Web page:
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The transition from sink to source status is one of the key events in leaf development. When a leaf is about half grown, it stops importing phloem-mobile nutrients from the rest of the plant and begins to export its own products of photosynthesis. This shift in transport direction, which is largely irreversible, involves major changes in the way metabolites are transported to and from the mesophyll through plasmodesmata and via transporters. The import of nutrients ceases when plasmodesmata in large veins are lost or narrowed, preventing phloem unloading. Export begins when the minor veins mature and begin to load sugars and other compounds into the phloem. The unidirectional nature of loading is a consequence of sucrose transporter orientation in the plasma membrane of phloem cells, or of the trapping of raffinose-family sugars in those species that load through plasmodesmata.
We used a spatially explicit population model of wolves (Canis lupus) to propose a framework for defining rangewide recovery priorities and finer-scale strategies for regional reintroductions. The model predicts that Yellowstone and central Idaho, where wolves have recently been successfully reintroduced, hold the most secure core areas for wolves in the western United States, implying that future reintroductions will face greater challenges. However, these currently occupied sites, along with dispersal or reintroduction to several unoccupied but suitable core areas, could facilitate recovery of wolves to 49% of the area in the western United States that holds sufficient prey to support wolves. That percentage of the range with recovery potential could drop to 23% over the next few decades owing to landscape change, or increase to 66% owing to habitat restoration efforts such as the removal of some roads on public lands. Comprehensive habitat and viability assessments such as those presented here, by more rigorously defining the Endangered Species Act's concept of “significant portion of range,” can clarify debate over goals for recovery of large carnivores that may conflict with human land uses.
The network of experimental forests and ranges administered by the US Department of Agriculture Forest Service consists of 77 properties that are representative of most forest cover types and many ecological regions in the nation. Established as early as 1908, these sites maintain exceptional, long-term databases on environmental dynamics and biotic responses. Early research at these sites focused on silviculture, ecosystem restoration, and watershed management. Over time, many of the properties have evolved into a functional network of ecological observatories through common large-scale, long-term experiments and other approaches. Collaboration with other institutions and research programs fosters intersite research and common procedures for managing and sharing data. Much current research in this network focuses on global change and interdisciplinary ecosystem studies at local to global scales. With this experience in developing networks and compiling records of environmental history, the experimental forests and ranges network can contribute greatly to formation of new networks of environmental observatories.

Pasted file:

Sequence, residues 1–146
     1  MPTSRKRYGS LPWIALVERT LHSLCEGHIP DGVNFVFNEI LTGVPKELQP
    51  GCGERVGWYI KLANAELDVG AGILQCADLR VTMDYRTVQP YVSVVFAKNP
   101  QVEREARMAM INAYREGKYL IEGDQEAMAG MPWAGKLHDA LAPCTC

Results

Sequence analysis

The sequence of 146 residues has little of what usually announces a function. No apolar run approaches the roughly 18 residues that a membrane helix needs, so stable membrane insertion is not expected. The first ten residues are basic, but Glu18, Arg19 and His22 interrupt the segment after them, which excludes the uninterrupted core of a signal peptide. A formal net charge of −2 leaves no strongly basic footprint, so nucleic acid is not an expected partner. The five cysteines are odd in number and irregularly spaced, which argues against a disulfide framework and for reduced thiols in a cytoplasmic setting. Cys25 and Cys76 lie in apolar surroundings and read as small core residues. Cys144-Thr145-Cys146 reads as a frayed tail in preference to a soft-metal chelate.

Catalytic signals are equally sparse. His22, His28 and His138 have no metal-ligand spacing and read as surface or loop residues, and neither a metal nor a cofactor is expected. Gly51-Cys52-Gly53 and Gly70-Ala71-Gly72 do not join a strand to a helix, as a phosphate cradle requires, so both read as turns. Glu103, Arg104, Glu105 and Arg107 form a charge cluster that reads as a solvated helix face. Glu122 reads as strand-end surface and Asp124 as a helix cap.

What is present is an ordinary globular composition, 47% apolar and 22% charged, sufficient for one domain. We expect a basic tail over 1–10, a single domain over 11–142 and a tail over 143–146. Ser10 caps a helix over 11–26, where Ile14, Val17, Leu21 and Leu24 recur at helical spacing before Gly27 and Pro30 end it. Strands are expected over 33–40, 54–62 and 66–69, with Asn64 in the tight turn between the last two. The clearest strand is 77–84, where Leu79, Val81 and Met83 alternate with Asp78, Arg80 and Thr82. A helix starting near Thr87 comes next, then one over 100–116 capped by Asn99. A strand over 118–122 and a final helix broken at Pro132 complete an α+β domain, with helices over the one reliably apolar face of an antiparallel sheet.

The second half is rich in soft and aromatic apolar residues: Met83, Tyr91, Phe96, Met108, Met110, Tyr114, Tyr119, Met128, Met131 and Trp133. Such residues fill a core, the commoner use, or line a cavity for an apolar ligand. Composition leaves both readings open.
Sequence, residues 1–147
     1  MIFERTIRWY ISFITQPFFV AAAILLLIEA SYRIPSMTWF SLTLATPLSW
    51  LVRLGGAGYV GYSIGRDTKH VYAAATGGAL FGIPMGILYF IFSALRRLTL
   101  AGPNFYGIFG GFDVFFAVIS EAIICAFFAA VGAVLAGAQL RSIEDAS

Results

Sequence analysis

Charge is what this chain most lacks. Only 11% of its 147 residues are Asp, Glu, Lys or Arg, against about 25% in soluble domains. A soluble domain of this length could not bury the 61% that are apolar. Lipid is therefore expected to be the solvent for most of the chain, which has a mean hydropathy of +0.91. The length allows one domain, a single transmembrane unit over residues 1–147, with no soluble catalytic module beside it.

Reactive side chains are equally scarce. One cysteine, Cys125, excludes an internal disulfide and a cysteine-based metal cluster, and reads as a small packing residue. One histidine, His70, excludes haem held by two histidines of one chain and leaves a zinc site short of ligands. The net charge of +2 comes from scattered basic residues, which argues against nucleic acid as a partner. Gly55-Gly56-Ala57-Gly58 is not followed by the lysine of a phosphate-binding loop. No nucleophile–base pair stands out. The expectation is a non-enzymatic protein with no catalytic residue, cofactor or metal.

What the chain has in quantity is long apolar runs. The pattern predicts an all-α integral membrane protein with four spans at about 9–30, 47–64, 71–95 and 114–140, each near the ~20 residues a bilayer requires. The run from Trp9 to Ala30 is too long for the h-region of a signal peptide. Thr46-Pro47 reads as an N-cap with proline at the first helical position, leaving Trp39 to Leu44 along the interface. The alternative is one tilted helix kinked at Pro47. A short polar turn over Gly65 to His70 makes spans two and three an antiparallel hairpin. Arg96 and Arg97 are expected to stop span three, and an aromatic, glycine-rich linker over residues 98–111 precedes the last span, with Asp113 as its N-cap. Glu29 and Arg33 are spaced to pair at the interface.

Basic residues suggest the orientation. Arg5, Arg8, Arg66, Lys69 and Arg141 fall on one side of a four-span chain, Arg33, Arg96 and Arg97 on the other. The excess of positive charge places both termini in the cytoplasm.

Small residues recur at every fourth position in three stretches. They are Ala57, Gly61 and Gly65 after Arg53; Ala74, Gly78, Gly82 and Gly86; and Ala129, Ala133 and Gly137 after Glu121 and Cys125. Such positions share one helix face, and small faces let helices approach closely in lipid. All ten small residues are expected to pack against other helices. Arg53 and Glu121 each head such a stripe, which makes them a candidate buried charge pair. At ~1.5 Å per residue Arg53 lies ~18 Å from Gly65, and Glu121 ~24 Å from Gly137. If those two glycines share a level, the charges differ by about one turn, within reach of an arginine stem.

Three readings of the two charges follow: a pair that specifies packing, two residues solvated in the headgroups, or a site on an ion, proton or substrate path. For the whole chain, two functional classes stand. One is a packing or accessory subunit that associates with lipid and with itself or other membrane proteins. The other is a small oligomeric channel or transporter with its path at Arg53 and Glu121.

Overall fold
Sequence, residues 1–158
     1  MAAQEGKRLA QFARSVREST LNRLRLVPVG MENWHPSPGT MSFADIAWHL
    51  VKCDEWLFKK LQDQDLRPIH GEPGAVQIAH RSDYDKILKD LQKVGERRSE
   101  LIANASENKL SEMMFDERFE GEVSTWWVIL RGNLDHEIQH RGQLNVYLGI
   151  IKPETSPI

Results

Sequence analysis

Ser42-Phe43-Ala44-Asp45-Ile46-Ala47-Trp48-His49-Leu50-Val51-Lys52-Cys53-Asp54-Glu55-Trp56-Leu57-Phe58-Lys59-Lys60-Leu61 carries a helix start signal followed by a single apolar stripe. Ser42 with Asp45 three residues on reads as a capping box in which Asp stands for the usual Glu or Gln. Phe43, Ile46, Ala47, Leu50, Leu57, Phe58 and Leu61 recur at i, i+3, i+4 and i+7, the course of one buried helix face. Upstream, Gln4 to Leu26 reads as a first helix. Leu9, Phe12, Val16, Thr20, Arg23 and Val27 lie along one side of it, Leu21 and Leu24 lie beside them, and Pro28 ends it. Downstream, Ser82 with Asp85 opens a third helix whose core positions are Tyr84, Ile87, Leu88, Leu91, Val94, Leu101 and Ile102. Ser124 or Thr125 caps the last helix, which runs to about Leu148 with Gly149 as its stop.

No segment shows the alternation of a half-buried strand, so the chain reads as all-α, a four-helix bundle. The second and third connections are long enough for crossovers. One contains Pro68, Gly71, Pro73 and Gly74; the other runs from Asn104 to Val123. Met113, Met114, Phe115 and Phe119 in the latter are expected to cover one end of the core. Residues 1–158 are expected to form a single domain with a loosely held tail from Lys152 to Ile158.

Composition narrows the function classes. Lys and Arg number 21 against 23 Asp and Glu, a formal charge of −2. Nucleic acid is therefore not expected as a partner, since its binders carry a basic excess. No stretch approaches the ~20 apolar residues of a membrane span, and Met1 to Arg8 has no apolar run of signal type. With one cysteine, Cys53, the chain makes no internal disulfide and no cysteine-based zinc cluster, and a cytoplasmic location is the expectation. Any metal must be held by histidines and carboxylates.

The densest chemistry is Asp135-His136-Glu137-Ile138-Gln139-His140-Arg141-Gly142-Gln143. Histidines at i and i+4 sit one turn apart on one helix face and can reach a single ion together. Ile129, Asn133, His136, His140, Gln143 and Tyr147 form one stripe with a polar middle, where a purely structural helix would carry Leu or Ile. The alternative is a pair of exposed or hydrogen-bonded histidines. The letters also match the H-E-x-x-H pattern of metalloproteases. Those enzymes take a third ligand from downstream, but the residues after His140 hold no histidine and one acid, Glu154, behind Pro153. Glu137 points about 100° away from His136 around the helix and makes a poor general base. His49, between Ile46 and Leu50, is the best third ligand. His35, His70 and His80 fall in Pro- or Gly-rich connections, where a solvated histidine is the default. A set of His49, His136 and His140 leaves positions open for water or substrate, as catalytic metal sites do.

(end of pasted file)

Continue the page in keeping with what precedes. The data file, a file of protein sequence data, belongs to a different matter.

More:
In 1999, the first phase of a multiyear program was initiated at the National Oceanic and Atmospheric Administration's National Marine Mammal Laboratory and Pacific Marine Environmental Laboratory to advance the use of passive acoustics for the detection and assessment of large whales in offshore Alaskan waters. To date, autonomous recorders have been successfully deployed in the Gulf of Alaska (1999–2001), the southeastern Bering Sea (2000–present), and the western Beaufort Sea (2003–2004). Seasonal occurrences of six endangered species (blue, fin, humpback, North Pacific right, bowhead, and sperm whales) have been documented on the basis of call receptions in these remote ocean regions. In addition, eastern North Pacific gray whale calls were detected in the western Beaufort Sea from October 2003 through May 2004. Here we provide an overview of this suite of research projects and suggest the next steps for applying acoustic data from long-term recorders to the assessment of large whale populations.
As the fields of ecology and conservation biology increasingly rely on models to address pertinent questions, there has been greater sharing of models among scientists. However, many models lack comprehensive documentation, especially in a format that is easy to use and to understand. Also, modelers lack a framework they can use when evaluating a model for its potential use. Here we outline how ecologists and conservation biologists can begin to establish a culture of good practice for model sharing. We offer suggestions on how model developers, model users, user communities, and journal editors can contribute to the appropriate sharing of ecological models.
To promote higher-order thinking in college students, we undertook an effort to learn how to assess critical-thinking skills in an introductory biology course. Using Bloom's taxonomy of educational objectives to define critical thinking, we developed a process by which (a) questions are prepared with both content and critical-thinking skills in mind, and (b) grading rubrics are prepared in advance that specify how to evaluate both the content and critical-thinking aspects of an answer. Using this methodology has clarified the course goals (for us and the students), improved student metacognition, and exposed student misconceptions about course content. We describe the rationale for our process, give detailed examples of the assessment method, and elaborate on the advantages of assessing students in this manner.